How Much Do Pets Really Cost? The Answer May Surprise You.
Having a pet can be an amazing experience. Nothing beats snuggling up for a nap with a fuzzy cat, or coming home to an excitable puppy who has been WAITING FOR YOU ALL DAY!!!
But pet ownership isn’t all kitten kisses and puppy love, and before you adopt a furry friend, you need to be sure you’re ready for the responsibility that comes with keeping an animal alive and happy.
Every year, thousands of animals are returned to shelters by people who weren’t adequately prepared to make the adoption in the first place, and sadly, most of the cats and dogs who get returned won’t make it out of there alive. If you’re going to bring an animal into your home, you need to be in it for the long-haul and plan to make a significant emotional and financial commitment to this creature.
Seriously, I cannot guilt trip you enough about this: there is nothing sadder than giving a vulnerable animal a home and then taking it away because you “bit off more than you could chew.” If you want a good cry, check out this piece from The Dodo on the lame excuses shelter workers hear when people give up their pets — they’re all pretty heartbreaking.
So now that you’ve decided you’ll stand by your pet no matter what (don’t make me link you to even sadder articles on shelter life), let’s crunch the numbers. Pets are a serious financial undertaking, so you need to budget accordingly before you take the plunge into parenthood. I’m going to focus exclusively on cats and dogs in this post, so if you’re looking to get another kind of pet, like a bird, ferret, rabbit or lizard, make sure to do your own research before heading to the pet store.
How much does a cat cost?
Adoption Fee – $60-$100*
Adoption fees can vary depending on the shelter, the age, general health of the cat, and how many veterinary services have been provided prior to the adoption. Most shelters will charge more for kittens, and less for older cats who have health problems, and most provide standard veterinary care (vaccinations, spay/neuter surgery/microchip insertion, etc) for every cat before they’re adopted.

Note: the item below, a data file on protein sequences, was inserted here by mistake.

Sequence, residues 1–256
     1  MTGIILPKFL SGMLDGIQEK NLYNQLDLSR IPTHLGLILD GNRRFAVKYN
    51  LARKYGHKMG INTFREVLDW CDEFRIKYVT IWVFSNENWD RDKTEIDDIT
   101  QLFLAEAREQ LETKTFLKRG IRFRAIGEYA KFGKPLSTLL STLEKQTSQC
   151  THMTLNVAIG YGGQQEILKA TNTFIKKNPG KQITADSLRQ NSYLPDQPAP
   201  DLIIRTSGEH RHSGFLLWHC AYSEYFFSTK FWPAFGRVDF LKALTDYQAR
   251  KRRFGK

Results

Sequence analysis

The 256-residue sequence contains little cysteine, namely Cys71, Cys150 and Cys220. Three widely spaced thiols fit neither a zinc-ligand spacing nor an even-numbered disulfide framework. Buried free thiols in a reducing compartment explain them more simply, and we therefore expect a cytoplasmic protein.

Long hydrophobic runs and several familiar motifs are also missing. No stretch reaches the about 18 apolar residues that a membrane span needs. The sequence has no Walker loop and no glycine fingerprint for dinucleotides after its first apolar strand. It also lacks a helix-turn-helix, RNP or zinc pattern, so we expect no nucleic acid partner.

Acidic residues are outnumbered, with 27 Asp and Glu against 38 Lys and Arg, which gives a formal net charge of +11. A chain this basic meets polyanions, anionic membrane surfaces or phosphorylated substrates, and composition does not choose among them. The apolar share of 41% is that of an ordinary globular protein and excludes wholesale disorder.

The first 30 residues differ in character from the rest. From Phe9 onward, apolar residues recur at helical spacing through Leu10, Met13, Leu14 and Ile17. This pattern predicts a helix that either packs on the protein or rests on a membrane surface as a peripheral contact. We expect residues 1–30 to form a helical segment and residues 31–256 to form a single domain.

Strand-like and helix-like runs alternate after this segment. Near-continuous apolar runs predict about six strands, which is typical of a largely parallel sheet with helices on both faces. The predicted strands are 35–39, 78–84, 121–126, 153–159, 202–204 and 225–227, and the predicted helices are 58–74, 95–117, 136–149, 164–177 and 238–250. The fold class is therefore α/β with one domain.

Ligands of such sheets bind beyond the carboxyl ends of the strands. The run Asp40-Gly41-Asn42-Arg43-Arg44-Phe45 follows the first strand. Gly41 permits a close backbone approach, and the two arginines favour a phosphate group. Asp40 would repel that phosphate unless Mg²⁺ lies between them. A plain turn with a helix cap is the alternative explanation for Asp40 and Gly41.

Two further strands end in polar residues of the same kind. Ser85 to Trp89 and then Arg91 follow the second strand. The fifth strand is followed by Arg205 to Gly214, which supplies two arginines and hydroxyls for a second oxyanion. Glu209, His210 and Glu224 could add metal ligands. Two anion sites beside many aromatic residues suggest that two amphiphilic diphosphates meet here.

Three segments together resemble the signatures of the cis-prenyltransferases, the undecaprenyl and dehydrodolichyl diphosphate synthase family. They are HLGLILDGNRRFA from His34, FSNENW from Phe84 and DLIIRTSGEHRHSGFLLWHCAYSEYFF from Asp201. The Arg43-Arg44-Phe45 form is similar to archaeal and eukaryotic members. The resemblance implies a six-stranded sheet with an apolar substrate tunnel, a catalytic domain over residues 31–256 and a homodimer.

*You can also adopt a cat through a breeder, but their fees are significantly higher ($500-$1,000). See my note on how to pick a reputable breeder below in the section on dog breeders.
Spay/Neuter Surgery & Vaccinations – $100-$150
You don’t have to adopt a cat from a shelter, of course. Maybe a stray will capture your heart, or maybe a friend’s cat will unexpectedly deliver a litter of kittens. In these cases, you’ll need to pay for spay/neuter surgery and initial vaccinations yourself.
Litter Box – $5-$75
You can get a standard litter pan for about $5 at PetSmart or Petco, but unless you have a basement or secluded place to put it, I recommend pricing up and going with a lidded box. Having a cover helps keep unsavory smells at bay, and a small entrance-way makes cleanup easier, because your cat won’t be accidentally kicking litter over the side all the time.
We recommend: Nature’s Miracle Advanced Corner Hooded Cat Litter Box at Amazon
Collar & Tag – $10
This might not seem necessary if you’re planning on keeping your cat inside, but if he gets lost, you’ll be glad you invested in it. Going with a bright color like safety orange helps lost pets to be spotted more easily.
Grooming Materials – $8
Trust me. You’re going to want a brush for your cat. Fluffy cats can get mats in their fur that you have to cut out, and short haired cats shed more than you could ever imagine. If you’d like to keep your home from becoming clogged with cat hair, you should brush your cat a few times a week.
Pet Deposit – varies
Some apartment complexes charge a monthly cat rent (anywhere from $10-$50), others ask for a lump sum or deposit up front, and some don’t charge anything, but you need to find out what you need to pay BEFORE you adopt a cat.
Food – $20/month
Pro tip: buying in bulk saves a lot of money, as does putting your cat on a regular feeding schedule. You might think you’re being nice by keeping their bowl constantly full of food, but this might lead to overeating, weight problems and dietary issues. Talk to your vet to see how much food your cat really needs.
Litter – $12/month
Once again, buy this in bulk if you want to spend less. Since I do all of my grocery errands on foot, I like ordering bulky, heavy items like kitty litter through services like Amazon Pantry and Jet.com.
We recommend: Purina Tidy Cats 24/7 Performance Clumping Cat Litter, 20 lb. – $10.42 at Jet.com.
Vet visits – $200/year*
A healthy cat needs a checkup about once a year, which typically run about $60-$70 per visit, depending on the vet. But accidents happen, so keep about $200 in your budget for emergency vet visits.
*Keep in mind that serious stuff, like emergency surgery or long-term health problems, is going to cost a LOT more than this. If you don’t have an emergency fund you’d be willing to dip into to help cover your pet’s medical costs, you probably should think twice before you adopt an animal.
Toys – $15/year
Cats are easily amused. Sure, they might love that squeaky toy mouse, but they’re also just as content playing with a ball of crumpled up paper. Definitely invest in 2-3 fun toys for your feline friend, but don’t feel like you need to spend a fortune on fancy cat toys that they might never touch. My cats have always loved their catnip lobsters in particular.